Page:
NJ Appeals Court Issues Favorable Ruling on Gun Control and Racial Discrimination Issues Won

Two recent significant decisions by the New Jersey Appeals Court have agreed with arguments presented by Blume Goldfaden lawyers, making it possible to continue to fight for justice on behalf of the plaintiffs. In one case, a fifteen year old boy, shot by a Glock pistol which appeared to be unloaded, may now file suit against the gun manufacturer.

In the other appellate decision, the court agreed that the trial court judge was in error when he denied the right to question jurors if they were racially biased against Muslims. In this medical malpractice case, the plaintiff, a Muslim, appeared throughout the trial in traditional Arab dress.

(See Hurst v. Glock and Samo v. Colfax and St. Jude’s Hospital)

[Hurst v. Glock]

Blume, Goldfaden lawyer Mitchell Makowicz represents a 15 year old who was shot in 1989 with a Glock semi-automatic 9mm pistol owned by his mother’s police officer boyfriend who was not at home. The pistol was in his holster, fully loaded and unsecured, with his uniform.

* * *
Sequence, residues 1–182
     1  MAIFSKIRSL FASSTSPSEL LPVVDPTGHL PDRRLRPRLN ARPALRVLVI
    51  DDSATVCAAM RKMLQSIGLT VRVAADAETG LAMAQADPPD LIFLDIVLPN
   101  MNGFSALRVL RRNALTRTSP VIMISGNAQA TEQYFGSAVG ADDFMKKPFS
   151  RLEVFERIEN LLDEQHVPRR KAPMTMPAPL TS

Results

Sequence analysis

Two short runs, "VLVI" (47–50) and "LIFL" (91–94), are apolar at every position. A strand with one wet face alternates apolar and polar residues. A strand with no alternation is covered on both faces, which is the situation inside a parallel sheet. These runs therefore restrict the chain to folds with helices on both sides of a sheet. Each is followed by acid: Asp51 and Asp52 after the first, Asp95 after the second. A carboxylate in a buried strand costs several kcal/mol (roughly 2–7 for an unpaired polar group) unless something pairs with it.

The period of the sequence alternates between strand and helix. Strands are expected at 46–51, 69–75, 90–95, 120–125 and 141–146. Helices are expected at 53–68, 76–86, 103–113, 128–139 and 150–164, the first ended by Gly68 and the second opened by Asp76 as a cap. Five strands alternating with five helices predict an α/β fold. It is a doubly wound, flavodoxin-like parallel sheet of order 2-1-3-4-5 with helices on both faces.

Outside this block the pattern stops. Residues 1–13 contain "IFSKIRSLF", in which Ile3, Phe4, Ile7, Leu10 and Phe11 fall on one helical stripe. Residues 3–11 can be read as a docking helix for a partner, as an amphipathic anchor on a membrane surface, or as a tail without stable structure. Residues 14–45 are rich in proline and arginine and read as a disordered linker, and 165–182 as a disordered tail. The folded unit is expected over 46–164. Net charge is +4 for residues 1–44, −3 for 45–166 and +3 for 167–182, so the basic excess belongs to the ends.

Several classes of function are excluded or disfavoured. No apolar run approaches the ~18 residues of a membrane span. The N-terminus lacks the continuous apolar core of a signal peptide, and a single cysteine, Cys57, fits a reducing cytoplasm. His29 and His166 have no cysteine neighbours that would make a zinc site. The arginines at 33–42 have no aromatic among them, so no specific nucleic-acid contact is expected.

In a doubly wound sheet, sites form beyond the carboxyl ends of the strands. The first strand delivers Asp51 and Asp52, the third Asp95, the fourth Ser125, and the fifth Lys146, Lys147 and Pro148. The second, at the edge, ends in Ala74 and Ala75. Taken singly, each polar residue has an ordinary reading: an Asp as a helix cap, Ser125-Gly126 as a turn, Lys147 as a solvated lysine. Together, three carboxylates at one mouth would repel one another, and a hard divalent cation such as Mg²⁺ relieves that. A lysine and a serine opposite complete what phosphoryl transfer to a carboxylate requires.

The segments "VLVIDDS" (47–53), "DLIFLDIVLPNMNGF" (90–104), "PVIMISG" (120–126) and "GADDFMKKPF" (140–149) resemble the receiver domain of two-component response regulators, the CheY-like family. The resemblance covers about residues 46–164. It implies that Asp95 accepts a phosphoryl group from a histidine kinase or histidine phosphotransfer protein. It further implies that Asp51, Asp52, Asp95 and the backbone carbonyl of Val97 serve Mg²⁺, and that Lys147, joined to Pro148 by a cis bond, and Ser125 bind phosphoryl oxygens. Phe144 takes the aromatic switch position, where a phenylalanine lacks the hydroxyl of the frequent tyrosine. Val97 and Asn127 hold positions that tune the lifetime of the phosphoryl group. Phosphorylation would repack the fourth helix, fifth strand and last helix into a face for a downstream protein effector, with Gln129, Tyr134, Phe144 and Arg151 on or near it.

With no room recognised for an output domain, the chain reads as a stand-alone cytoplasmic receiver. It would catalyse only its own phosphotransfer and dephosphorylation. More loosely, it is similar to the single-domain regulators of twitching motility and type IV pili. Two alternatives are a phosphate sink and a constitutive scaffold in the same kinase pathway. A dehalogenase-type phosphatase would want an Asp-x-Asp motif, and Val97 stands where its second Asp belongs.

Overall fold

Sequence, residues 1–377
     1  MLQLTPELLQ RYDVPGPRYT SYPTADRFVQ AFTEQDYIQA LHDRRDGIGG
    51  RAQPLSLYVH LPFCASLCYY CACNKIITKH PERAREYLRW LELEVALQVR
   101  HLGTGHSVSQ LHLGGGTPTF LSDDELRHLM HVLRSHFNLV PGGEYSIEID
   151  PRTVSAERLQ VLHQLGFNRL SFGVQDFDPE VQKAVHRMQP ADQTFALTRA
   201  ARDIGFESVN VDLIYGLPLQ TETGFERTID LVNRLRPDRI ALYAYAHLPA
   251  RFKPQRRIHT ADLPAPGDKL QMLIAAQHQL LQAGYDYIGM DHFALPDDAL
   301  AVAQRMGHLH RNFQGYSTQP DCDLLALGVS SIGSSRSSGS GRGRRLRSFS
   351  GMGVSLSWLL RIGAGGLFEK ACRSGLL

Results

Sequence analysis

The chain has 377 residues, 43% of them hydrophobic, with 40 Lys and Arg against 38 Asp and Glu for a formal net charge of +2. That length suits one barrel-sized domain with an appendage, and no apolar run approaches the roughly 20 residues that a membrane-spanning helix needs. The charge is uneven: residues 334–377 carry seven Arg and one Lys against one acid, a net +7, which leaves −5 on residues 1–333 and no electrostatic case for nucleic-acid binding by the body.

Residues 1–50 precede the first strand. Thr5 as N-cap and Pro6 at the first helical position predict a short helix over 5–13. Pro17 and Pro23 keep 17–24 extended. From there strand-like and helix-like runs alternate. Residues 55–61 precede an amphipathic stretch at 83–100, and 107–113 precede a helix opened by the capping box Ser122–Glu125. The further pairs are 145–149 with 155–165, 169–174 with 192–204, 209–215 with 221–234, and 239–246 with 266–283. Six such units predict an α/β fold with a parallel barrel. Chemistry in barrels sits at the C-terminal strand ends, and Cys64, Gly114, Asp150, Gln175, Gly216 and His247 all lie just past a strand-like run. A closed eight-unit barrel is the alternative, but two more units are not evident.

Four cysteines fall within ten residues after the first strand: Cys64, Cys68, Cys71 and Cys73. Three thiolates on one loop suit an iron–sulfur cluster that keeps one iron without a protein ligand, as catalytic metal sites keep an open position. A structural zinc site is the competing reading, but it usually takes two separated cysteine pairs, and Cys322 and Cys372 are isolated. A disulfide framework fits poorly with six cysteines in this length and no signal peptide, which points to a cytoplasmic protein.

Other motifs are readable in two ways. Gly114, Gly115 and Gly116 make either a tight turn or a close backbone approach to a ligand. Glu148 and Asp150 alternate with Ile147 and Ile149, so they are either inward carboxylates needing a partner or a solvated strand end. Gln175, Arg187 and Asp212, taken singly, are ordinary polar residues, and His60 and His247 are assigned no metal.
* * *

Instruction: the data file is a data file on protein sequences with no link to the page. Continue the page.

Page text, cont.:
As the teenager, Tyron Hurst, was preparing to leave for school with his 14-year-old friend, Aishah Dukes, Hurst removed the magazine from the gun. He then took the bullets from the magazine and put them on the kitchen table. Believing that the pistol was unloaded, Dukes pointed it at Hurst and pulled the trigger. The teenagers did not know that a bullet could remain in the chamber, after the magazine had been removed, or that the gun had no safety mechanism and could fire without the magazine in place.

Hurst was shot in the head and suffered catastrophic injuries including the loss of an eye and neurological, cognitive, and coordination deficiencies.

Mr. Makowicz, representing young Hurst and his mother Ruby, filed suit against Austrian-based company Glock, Inc. After Glock argued that the company is immune from liability under a provision of the New Jersey Products Liability Act which gives protection to manufacturers of inherently unsafe products, the case was dismissed by the trial court judge.

On appeal, Mr. Makowicz successfully argued that the provision did not apply in this particular case because the issue was not the inherent danger of the pistol, but the failure to design into the gun a safety device known to the gun industry for 85 years. The New Jersey Appellate ruling means that Mr. Makowicz may bring a products liability lawsuit against the gun manufacturer, Glock, Inc. on behalf of the Hursts, and a jury will decide whether the absence of a magazine safety made the gun a dangerously defective product.

This was the first New Jersey Appellate Court ruling giving a person wounded in a gun accident the right to sue the manufacturer under New Jersey’s 1987 Products Liability Act. The case has been reinstated for trial in 1997.